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A Man, a Mural & Moses

January 20, 1994|BEVERLY BEYETTE

We pull off Coldwater Canyon and into the driveway of the house that Ben Hur built. I'm holding a cowboy duster. Kent Twitchell is holding a sepia photo of Abraham Lincoln seated in the Lincoln Memorial.

We have come to monumentalize Charlton Heston.

Twitchell paints murals. BIG murals. Most days, he can be spied on scaffolding, at work on "Harbor Freeway Overture." If you've been on the 110 North at Eighth Street, you've seen it, all right--members of the L.A. Chamber Orchestra gazing down from the 14-story Citicorp Plaza garage.

Now, he wants to see Heston four, five, maybe 12 stories high, on a building somewhere in Hollywood. Heston, his hero.

From the moment Twitchell first saw him in "Ben Hur" (18 screenings, at last count), he's "just had this thing" about Charlton Heston.

"I'm going to paint him as if he were the Lincoln Memorial--in front of a broody, threatening Western sky."

Heston, in shorts and stocking feet, greets us outside his knoll-top home, looking neither broody nor threatening. He has good news. He's rounded up a vintage Winchester rifle for this photo shoot.

Inside, Twitchell and his photographer, Dana Ross, set up in the studio where Heston's photographer/wife Lydia normally works. Lights, camera, props. This will be the image from which Twitchell will paint Heston larger-than-life.

In due time, The Man appears again, looking pretty big. He is wearing a dark green shirt, jeans-and the rent-a-duster from Western Costume. A red kerchief is tied at his throat. His Western hat appears well-worn.

"Well," he says, "I suppose you're wondering why I've asked you all here . . ."

Heston takes an ivory-handled prop pistol from its holster and spins the chamber to make sure it's empty before buckling on his gun belt.

"You can deal with the stocking feet?" he asks. Twitchell, re-draping the duster and retying the kerchief, explains that on his murals feet disappear. "There's something about seeing the feet that takes away the strength."

As Twitchell is shooting Heston, he himself is being filmed by a local documentary team. For them, Heston has gone on record as being "delighted to be memorialized by Mr. Twitchell." Especially as a benign (albeit gun-toting) cowboy, sort of a "generic" American Western figure.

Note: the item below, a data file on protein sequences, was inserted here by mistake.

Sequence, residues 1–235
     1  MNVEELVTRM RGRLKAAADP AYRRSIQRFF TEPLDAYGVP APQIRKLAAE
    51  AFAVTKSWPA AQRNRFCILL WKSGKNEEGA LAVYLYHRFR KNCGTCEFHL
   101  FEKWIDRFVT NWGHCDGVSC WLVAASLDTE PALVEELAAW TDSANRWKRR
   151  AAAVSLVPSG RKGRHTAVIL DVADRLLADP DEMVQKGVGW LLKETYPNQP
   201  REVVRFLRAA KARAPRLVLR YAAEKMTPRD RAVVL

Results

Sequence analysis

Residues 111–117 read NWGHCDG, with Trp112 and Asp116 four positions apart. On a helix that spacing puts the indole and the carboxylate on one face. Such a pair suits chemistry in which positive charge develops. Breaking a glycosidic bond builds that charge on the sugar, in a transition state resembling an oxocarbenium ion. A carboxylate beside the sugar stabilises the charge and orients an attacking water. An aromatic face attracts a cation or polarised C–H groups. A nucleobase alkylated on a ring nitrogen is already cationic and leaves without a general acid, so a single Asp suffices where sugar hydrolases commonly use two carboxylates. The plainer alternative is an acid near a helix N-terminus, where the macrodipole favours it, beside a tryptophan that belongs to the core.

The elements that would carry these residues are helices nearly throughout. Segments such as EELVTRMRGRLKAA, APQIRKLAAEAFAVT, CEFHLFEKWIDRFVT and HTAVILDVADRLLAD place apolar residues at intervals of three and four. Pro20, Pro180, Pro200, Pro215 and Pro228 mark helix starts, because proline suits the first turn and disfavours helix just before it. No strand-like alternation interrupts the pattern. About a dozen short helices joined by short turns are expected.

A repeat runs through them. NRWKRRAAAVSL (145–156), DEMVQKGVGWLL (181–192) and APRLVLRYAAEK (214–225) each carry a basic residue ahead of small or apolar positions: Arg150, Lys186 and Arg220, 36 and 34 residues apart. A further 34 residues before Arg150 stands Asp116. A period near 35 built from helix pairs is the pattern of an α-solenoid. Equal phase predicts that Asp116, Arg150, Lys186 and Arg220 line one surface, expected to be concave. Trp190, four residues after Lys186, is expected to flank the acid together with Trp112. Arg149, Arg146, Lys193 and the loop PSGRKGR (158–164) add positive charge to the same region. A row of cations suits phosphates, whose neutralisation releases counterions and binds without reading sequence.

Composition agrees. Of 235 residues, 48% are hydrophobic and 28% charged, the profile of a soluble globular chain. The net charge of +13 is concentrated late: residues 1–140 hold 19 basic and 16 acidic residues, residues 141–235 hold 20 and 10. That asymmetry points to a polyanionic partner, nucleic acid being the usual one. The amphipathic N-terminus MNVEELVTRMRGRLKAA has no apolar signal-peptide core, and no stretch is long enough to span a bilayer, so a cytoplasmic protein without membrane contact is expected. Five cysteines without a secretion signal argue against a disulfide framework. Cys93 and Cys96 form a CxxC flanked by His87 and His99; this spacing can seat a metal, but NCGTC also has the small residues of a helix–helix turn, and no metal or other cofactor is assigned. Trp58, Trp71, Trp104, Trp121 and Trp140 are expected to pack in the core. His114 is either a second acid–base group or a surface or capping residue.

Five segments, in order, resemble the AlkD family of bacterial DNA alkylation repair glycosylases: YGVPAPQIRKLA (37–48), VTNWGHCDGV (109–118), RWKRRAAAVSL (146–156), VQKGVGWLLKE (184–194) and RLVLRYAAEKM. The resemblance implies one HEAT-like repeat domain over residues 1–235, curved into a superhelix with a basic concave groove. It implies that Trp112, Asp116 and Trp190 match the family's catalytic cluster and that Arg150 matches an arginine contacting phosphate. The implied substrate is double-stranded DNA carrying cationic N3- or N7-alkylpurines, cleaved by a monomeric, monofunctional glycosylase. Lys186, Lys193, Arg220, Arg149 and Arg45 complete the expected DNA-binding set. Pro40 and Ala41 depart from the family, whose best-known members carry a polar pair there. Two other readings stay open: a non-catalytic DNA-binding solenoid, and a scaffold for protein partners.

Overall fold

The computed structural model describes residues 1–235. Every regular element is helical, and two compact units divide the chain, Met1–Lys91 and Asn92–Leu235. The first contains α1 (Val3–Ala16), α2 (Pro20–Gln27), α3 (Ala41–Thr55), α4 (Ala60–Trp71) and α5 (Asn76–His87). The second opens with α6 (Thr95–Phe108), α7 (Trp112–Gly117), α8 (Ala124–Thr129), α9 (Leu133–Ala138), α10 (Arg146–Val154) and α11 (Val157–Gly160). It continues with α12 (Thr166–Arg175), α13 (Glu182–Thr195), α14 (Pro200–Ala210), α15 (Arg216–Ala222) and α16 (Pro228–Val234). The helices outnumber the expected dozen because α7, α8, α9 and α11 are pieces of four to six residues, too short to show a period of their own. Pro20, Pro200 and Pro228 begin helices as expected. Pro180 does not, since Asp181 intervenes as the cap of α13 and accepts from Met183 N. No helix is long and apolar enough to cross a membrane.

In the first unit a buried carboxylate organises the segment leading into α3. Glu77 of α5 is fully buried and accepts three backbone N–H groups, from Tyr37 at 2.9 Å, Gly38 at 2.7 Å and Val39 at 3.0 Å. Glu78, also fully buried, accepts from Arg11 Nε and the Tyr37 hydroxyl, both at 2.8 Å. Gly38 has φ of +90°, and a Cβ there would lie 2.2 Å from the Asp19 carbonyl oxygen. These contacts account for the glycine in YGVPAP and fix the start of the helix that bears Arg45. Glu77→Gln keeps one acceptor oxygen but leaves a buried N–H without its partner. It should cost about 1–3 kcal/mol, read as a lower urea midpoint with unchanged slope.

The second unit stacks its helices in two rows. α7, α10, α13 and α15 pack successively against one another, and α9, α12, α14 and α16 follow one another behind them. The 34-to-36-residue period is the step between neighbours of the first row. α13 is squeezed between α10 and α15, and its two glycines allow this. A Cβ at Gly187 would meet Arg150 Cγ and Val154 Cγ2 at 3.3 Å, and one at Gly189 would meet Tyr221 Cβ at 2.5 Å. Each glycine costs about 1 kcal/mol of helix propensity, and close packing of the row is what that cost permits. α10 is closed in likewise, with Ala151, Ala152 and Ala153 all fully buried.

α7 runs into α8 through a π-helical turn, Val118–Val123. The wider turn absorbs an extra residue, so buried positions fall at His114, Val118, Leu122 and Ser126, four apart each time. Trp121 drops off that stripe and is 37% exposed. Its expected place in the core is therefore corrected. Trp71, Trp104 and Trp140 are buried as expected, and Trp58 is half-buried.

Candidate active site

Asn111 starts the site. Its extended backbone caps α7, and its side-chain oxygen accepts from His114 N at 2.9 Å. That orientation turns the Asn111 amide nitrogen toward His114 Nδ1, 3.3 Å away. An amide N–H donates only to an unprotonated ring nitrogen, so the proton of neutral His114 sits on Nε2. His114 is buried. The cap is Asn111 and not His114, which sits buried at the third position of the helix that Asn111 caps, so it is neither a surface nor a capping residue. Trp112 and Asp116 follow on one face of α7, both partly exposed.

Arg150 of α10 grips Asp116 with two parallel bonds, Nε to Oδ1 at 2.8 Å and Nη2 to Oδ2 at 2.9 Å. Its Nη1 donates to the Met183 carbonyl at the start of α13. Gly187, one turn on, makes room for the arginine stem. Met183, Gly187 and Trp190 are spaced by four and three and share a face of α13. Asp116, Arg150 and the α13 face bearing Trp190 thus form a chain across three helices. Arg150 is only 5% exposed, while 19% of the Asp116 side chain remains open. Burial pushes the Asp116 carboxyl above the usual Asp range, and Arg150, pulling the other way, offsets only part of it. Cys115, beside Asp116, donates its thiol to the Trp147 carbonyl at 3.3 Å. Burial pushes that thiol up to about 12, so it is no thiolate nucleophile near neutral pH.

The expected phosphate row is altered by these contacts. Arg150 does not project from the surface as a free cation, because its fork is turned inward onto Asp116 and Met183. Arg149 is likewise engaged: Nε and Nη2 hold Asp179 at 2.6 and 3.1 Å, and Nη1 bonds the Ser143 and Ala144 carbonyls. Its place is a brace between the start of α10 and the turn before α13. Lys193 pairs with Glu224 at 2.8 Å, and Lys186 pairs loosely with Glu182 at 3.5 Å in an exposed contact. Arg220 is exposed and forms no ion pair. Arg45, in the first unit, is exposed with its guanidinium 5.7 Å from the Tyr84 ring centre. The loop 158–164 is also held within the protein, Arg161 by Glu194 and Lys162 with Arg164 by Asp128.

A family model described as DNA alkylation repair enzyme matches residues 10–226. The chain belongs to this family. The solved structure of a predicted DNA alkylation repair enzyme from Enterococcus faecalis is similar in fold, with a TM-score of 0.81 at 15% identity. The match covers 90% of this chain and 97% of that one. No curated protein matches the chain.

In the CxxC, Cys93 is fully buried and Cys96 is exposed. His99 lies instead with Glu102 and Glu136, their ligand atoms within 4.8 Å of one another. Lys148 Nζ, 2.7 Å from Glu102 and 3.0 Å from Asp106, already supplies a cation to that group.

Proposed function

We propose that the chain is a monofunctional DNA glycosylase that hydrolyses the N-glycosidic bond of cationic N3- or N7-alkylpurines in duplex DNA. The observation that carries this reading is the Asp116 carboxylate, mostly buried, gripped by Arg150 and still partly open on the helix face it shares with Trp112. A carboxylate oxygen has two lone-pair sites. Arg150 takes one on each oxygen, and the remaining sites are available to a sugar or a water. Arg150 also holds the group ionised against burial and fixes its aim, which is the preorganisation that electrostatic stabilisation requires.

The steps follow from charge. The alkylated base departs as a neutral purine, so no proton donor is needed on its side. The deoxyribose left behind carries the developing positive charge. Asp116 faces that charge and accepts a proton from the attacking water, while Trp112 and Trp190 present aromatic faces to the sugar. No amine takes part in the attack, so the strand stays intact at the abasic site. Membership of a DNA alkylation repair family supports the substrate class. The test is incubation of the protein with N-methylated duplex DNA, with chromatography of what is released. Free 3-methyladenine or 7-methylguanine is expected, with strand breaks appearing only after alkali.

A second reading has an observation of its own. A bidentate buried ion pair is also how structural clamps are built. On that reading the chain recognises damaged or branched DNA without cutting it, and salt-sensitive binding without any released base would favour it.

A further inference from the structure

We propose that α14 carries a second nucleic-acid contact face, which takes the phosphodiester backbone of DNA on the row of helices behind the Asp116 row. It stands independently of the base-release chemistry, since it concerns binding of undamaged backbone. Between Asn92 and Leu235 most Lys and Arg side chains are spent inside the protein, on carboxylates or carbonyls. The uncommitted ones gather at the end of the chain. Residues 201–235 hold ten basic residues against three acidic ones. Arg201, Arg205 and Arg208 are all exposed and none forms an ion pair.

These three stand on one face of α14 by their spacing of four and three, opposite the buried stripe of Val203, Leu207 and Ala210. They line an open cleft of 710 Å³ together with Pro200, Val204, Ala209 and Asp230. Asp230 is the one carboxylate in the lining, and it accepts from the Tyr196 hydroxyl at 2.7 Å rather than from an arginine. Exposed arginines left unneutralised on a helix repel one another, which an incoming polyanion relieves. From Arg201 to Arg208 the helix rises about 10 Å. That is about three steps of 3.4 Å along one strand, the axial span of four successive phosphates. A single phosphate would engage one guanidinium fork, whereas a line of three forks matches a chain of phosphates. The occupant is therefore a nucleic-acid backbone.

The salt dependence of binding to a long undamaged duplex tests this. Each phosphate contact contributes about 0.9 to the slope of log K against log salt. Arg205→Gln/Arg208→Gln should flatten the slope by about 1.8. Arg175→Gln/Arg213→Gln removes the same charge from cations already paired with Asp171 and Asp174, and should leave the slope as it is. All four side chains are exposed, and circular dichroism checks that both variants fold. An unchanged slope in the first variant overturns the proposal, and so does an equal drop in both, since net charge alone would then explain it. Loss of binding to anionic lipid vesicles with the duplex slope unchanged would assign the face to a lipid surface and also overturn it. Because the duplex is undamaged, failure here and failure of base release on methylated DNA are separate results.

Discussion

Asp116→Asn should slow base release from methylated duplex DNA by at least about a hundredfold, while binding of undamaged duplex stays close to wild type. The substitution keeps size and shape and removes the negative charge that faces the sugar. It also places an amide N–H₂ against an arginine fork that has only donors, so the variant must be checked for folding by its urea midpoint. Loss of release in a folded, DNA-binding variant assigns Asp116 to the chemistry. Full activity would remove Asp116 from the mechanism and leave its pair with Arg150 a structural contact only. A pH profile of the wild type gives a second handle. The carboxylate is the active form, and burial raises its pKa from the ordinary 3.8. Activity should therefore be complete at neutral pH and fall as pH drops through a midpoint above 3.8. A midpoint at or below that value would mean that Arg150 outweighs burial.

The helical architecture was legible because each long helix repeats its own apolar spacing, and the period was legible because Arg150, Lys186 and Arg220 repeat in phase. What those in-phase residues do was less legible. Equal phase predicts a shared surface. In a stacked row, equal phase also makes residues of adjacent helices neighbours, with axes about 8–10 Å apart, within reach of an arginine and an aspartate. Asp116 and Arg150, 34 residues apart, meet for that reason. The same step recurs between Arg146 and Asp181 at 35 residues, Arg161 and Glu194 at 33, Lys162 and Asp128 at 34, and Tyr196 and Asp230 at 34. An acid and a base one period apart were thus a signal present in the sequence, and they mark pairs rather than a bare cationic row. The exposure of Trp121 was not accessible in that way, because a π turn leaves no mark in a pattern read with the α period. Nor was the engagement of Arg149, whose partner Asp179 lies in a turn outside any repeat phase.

To Twitchell, who was reared on a farm in small-town Michigan, Heston at 70 is the embodiment of "a simpler, cleaner, more charitable time, something we had when I was a kid growing up in the '40s and '50s."

Heston stands patiently atop a blue footlocker. First Twitchell has Heston holding the rifle in front, the butt resting on the ground. Twitchell likes the pose. "A lot of strength, architecturally."

Heston thinks the rifle held in the crook of his arm looks "a little more imminent." Maybe, Twitchell suggests, he should hold it with folded arms. Heston, no stranger to Westerns (he's currently in "Tombstone"), says a real cowboy wouldn't do that because he couldn't get at it.

The actor poses for an hour, chin up and strong. Then he shakes hands all around. Yes, he says, this will be a first, though he once appeared three stories high on an El Cid poster.

We say goodby and head back to Twitchell's studio in Echo Park. He is pleased with the shoot, though he knows he may "take it on the chin" for painting Heston with guns.

No matter. "I want to do a cowboy and I don't want to take his guns away just to be politically correct."

When he finds a suitable site for Heston, he'll seek private funding, as always. He'd like to start and finish it in 1995.

A few days after the Heston shoot, Twitchell is 14 stories above the roar of the freeway atop the Citicorp Plaza garage. He buckles himself into a harness and climbs over the wall and onto the gently swaying scaffolding. Once, he was terrified of heights, but that was many murals ago.

Twitchell isn't actually creating up there. In his studio, he makes a mural cartoon, grids it, photographs each of the grids and enlarges them onto a long strip of blotter-like material. Next, he saturates the material with acrylic and paints it. Finally, he glues the strips onto the mural wall. (The chamber orchestra mural, covering a nine-story wall and two adjacent eight-story walls, will have 346 strips, each 30 inches high and up to 8 1/2 feet wide).

At 51, Kent Twitchell did not expect to be a renowned outdoor muralist. As a kid painting roosters on the side of the barn, he dreamed of Norman Rockwell. Still, he always thought big. "Stonehenge, Mount Rushmore, those are the kind of images I really loved."

In 1971, he was offered a wall at 12th and Union. He wanted to do Marilyn Monroe floating through space, but the building didn't lend itself. So, he created a 15 by 20 foot Steve McQueen. He'd found his calling.

Now Twitchell dreams of Charlton Heston, Monument. He dreams of him in earth tones, sort of carved out of a cliff.

Like Mount Rushmore.

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